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  Access Rights: Use restricted to UNT Community
  Partner: UNT Libraries
 Department: Department of Kinesiology, Health Promotion and Recreation
 Collection: UNT Theses and Dissertations
Accuracy of Self-Reported Height, Weight, and Calculated BMI and Resulting FITNESSGRAM® Healthy Fitness Zone Classification

Accuracy of Self-Reported Height, Weight, and Calculated BMI and Resulting FITNESSGRAM® Healthy Fitness Zone Classification

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Date: May 2006
Creator: Rowell, Chelsie Joyce
Description: The determination of adiposity in adolescents is often assessed with calculations of body mass indices (BMI). Researchers often obtain these measurements from self-reported (SR) values. The purpose of this study was to determine the accuracy of SR height, weight, and calculated BMI (from height and weight). SR and actual measured (ME) BMI values were compared with standards from the FITNESSGRAM® Healthy Fitness Zone (HFZ) classifications. SR height and calculated BMI were found to be accurate while SR weight was, on average, underreported by 4.77 lbs. Because of these errors in SR height and weight, accuracy of classification into the FITNESSGRAM® HFZ was compromised. Consequently, it is important that researchers ascertain actual values of height and weight when measuring adolescents rather than use those from self-reports.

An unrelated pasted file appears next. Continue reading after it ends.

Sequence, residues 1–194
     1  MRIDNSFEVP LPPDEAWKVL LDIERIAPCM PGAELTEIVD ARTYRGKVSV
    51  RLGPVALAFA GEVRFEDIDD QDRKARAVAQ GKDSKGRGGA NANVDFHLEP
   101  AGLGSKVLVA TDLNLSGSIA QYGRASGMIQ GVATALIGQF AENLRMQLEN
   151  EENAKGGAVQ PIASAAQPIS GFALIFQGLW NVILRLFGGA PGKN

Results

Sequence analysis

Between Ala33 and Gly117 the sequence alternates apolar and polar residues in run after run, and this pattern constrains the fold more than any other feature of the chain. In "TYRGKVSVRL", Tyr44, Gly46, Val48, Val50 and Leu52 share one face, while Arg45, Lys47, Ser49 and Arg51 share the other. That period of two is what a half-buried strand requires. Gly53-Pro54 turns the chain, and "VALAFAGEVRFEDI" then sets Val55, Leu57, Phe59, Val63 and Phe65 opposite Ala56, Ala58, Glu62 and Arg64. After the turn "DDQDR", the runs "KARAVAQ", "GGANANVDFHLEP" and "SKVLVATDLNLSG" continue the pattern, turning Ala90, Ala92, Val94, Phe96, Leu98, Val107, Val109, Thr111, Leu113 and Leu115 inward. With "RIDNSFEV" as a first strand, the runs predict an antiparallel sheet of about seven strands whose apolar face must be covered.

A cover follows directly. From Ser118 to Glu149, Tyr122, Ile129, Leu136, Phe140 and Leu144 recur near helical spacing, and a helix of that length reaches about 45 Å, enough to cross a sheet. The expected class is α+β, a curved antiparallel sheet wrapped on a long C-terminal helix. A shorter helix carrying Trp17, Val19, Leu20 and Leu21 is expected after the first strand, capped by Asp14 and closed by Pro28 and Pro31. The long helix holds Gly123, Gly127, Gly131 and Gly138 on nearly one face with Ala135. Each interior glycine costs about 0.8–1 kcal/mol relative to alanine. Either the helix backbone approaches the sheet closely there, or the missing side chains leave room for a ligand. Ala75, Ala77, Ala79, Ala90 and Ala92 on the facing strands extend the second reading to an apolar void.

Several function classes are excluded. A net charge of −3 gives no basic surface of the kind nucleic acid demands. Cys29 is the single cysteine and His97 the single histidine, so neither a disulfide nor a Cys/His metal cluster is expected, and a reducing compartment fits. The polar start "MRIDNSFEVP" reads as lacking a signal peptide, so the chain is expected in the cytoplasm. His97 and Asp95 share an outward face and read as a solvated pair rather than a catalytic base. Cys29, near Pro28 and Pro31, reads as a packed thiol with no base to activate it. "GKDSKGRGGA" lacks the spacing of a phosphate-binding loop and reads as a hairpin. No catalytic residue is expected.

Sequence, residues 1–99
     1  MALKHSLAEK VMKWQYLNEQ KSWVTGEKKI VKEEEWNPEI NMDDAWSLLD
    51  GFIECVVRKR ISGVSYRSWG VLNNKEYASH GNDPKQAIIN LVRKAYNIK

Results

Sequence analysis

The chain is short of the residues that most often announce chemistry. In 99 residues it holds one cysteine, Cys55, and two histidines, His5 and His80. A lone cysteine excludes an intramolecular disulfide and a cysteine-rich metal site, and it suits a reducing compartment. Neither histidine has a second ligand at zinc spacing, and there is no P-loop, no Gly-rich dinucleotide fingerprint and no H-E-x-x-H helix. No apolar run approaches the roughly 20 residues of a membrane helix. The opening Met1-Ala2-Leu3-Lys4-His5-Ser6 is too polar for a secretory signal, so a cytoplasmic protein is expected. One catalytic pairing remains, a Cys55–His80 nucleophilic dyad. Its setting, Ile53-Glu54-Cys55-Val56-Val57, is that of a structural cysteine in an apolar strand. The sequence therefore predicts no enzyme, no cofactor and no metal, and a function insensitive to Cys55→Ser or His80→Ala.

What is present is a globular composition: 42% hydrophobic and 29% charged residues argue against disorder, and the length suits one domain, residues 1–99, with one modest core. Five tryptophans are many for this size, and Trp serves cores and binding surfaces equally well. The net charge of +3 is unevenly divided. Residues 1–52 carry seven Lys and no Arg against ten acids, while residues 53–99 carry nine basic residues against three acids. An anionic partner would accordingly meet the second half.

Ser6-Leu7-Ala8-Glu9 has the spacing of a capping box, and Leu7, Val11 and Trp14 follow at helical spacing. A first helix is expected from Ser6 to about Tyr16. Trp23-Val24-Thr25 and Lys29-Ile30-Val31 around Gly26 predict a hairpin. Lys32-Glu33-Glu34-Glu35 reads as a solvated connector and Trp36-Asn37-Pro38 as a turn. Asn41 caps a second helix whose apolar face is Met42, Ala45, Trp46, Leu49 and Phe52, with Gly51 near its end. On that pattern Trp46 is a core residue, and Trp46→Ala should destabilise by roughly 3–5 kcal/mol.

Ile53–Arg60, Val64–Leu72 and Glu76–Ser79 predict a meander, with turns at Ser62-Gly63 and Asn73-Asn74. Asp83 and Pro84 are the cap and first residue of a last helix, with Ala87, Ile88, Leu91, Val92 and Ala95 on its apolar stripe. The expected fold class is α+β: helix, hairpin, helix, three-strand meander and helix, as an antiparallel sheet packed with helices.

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The Construct Validity of Self-Reported Historical Physical Activity

The Construct Validity of Self-Reported Historical Physical Activity

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Date: May 2002
Creator: Bowles, Heather R.
Description: The purpose of this study was to determine the construct validity of self-reported historical walking, running, and jogging (WRJ) activity. The criterion measure was concurrent performance on a maximal treadmill test. Subjects completed a medical exam and treadmill test between the years 1976 and 1985, and completed a follow-up questionnaire in 1986. Questionnaire included an item that assessed WRJ for each year from 1976 through 1985. Data analysis included Spearman correlations, partial correlations, ANOVA, and ANCOVA. Results indicated self-reported historical WRJ can be assessed with reasonable validity when compared with concurrently measured treadmill performance, and there is no decay in the accuracy of this reporting for up to ten years in the past.
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Effect of Chronic Alcohol Abuse and Resistance Training on the Skeletal Muscle Androgen Receptor Concentration of Rats

Effect of Chronic Alcohol Abuse and Resistance Training on the Skeletal Muscle Androgen Receptor Concentration of Rats

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Date: August 2004